Leading scholars examine the relation between Irigaray’s early writings and her later, more political work.
Luce Irigaray is one of the most influential philosophers and theorists in the field of feminist thought, and her work is considered both revolutionary and controversial. This volume offers the first critical assessment of the relation of her early critical and poetic writings to her later political and practical philosophy. Contributors examine how the question of sexual difference has unfolded in a wealth of different directions in Irigaray’s later work, focusing on the areas of nature and technology, social and political theory and praxis, ethics, psychoanalysis, and phenomenology. They also address whether there has been a radical conceptual “turn” in Irigaray’s thought by exploring the idea of a “turn” as a return to themes that have concerned her all along. The essays contend that Irigaray’s writings should be read, criticized, or promoted within the context of her overall philosophical project.
“Cimitile and Miller aim to uncover the breadth of Irigaray’s writing, and see ‘returning to Irigaray’ as a return to themes that have consistently concerned her.” — CHOICE
“The topic is significant and relevant, especially in order to connect theory and more practical, militant writings in an author whose importance is unquestionable. The unity of Irigaray’s writings is certainly a question within the field of women’s studies, but, more in general, the issue of how to concretize one’s theoretical approach is a perennial interrogation for those philosophers who dare to accept the challenge of their times. In the passage from her earlier, theoretical writings to her later, more militant ones, Irigaray offers us an exemplification of how to engage one’s epoch seriously, and this is what is under consideration in this volume.” — Silvia Benso, author of The Face of Things: A Different Side of Ethics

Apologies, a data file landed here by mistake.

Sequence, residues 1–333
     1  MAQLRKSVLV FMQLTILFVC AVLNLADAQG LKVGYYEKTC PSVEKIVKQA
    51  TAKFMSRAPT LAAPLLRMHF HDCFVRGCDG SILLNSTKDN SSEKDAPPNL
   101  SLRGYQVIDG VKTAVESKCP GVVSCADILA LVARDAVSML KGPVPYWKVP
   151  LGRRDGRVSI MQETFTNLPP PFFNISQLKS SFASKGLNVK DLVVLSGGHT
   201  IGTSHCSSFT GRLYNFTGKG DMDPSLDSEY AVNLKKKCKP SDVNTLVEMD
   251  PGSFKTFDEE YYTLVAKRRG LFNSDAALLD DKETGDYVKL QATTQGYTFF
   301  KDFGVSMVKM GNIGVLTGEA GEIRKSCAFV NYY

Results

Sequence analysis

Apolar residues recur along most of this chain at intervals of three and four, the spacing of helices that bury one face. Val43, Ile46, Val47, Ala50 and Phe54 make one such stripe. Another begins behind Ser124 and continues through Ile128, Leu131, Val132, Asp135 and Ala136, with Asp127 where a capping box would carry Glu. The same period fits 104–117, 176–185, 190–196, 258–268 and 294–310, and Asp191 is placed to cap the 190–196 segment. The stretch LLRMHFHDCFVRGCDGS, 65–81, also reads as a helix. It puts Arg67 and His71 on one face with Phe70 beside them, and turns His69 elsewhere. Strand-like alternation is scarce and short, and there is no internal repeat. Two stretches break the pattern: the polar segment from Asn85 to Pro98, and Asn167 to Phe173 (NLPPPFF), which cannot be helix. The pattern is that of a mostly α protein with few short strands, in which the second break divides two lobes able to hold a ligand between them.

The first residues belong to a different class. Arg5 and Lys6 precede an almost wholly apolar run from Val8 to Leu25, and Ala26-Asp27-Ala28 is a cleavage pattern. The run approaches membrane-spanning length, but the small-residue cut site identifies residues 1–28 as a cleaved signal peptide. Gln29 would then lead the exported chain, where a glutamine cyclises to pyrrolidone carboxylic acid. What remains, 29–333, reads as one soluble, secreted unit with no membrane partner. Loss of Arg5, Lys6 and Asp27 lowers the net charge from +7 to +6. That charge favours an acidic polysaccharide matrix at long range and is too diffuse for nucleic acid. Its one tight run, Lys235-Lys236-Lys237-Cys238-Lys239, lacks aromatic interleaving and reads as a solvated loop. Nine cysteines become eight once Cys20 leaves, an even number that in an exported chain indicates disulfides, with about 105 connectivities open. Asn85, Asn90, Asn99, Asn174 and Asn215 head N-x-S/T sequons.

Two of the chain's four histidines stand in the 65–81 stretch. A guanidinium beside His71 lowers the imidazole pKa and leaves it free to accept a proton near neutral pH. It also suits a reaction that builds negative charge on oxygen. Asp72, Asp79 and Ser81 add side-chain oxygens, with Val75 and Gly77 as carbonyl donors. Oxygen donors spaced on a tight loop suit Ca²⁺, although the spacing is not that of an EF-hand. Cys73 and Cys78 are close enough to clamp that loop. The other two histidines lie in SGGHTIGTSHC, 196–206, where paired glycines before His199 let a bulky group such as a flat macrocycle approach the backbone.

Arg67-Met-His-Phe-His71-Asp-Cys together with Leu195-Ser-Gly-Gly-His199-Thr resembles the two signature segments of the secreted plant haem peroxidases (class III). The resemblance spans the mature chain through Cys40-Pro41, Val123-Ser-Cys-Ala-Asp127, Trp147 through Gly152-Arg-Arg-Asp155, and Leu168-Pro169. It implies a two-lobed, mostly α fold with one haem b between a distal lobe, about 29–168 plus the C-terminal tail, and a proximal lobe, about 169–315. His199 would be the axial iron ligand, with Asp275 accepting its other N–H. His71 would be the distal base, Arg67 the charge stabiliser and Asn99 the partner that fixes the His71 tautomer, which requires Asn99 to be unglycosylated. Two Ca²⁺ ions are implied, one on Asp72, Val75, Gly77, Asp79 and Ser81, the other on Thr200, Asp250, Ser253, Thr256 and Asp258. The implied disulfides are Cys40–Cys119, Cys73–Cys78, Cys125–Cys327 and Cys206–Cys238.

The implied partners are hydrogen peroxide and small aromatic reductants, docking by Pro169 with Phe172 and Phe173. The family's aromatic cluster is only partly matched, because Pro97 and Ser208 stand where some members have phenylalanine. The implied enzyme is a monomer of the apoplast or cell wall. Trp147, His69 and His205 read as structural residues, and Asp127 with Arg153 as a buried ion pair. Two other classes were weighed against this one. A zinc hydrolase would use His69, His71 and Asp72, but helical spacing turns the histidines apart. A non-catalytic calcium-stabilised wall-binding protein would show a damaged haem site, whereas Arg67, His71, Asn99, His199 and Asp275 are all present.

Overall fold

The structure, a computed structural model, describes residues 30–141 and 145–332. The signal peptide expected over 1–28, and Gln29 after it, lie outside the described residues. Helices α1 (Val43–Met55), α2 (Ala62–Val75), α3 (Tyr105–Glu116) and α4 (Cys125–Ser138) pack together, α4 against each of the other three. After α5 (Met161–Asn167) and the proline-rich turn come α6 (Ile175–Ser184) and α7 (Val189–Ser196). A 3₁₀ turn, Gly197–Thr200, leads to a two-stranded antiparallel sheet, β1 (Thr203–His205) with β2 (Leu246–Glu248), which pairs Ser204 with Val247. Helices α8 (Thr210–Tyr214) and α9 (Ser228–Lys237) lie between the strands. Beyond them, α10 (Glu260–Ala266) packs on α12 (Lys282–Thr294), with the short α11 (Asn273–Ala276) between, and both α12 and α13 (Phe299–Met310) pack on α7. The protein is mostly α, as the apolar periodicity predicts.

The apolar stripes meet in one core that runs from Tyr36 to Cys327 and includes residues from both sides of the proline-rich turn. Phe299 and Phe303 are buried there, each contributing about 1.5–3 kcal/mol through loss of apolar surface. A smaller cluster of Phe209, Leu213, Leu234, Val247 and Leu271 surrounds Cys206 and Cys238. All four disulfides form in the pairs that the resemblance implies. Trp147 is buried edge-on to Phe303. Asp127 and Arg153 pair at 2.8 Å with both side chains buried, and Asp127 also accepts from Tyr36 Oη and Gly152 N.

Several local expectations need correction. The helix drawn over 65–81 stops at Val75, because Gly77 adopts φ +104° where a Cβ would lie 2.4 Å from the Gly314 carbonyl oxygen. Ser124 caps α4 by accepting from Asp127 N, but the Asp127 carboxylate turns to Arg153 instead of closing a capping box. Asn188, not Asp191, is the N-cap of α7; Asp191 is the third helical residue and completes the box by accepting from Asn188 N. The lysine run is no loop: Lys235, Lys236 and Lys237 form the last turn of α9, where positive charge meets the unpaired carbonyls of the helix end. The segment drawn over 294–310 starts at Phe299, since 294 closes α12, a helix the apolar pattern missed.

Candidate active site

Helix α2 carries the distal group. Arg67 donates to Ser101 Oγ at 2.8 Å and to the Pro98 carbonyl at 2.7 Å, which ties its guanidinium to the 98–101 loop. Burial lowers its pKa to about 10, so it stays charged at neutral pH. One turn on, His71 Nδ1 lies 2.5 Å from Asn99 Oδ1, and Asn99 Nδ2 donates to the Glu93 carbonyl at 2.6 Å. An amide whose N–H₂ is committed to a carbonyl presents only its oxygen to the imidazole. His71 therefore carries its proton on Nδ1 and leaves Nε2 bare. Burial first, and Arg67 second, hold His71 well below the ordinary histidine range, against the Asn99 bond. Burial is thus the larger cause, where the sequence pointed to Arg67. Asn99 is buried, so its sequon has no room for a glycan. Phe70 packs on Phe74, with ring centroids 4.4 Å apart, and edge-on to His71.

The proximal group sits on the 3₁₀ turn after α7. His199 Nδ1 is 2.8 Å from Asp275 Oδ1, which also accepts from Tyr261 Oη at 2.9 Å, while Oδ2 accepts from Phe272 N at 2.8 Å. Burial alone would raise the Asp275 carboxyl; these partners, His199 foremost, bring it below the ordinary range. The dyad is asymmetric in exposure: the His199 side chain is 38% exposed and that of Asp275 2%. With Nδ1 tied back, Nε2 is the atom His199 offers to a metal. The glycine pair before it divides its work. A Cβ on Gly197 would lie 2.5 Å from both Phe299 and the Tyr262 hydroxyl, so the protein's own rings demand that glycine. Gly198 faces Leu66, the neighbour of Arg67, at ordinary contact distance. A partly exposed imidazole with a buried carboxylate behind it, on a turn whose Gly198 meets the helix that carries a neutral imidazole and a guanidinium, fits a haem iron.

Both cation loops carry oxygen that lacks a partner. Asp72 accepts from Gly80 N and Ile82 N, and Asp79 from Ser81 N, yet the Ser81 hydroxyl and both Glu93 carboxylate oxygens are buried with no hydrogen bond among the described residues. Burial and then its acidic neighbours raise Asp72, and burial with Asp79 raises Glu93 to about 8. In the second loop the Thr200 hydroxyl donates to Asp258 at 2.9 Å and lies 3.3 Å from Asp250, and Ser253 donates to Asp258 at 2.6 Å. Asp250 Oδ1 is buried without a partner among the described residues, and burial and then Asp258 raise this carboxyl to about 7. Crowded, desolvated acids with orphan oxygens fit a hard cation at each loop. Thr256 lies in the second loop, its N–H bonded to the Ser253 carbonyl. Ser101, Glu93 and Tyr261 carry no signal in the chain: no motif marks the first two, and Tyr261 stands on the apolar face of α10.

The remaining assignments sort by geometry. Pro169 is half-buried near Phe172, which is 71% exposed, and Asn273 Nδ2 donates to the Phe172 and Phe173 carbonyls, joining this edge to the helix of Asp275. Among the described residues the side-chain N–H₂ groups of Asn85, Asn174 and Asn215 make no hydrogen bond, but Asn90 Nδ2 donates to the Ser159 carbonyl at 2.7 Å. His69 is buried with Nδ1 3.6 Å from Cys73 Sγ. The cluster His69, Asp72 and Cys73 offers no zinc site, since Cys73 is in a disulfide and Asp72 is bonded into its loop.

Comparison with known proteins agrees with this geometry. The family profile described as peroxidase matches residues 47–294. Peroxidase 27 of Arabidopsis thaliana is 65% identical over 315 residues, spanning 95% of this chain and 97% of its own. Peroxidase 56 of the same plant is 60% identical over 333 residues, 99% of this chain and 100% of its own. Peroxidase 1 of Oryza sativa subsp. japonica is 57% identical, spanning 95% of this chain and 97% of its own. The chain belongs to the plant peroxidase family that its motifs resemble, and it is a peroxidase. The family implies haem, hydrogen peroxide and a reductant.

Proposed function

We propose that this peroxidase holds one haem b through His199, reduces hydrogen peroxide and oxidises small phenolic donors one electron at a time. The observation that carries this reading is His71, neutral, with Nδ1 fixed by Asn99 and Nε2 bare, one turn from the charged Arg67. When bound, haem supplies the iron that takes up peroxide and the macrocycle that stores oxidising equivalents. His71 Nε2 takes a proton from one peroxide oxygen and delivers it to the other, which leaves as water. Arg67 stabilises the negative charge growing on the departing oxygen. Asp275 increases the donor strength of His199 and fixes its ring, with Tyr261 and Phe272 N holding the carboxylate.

“This is an extremely important book for furthering discussion about the relationship between Irigaray’s early and later work. It also addresses a question central to feminist philosophy: do identity politics work?” — Danielle Poe, University of Dayton
Contributors include Debra Bergoffen, Maria C. Cimitile, Penelope Deutscher, Sara Heinämaa, Sara McNamara, Elaine P. Miller, Ann Murphy, Kelly Oliver, Catherine Peebles, Gail Schwab, Margaret Whitford, Emily Zakin, and Krzysztof Ziarek.
Maria C. Cimitile is Associate Professor of Philosophy at Grand Valley State University. Elaine P. Miller is Associate Professor of Philosophy at Miami University in Ohio and author of The Vegetative Soul: From Philosophy of Nature to Subjectivity in the Feminine, also published by SUNY Press.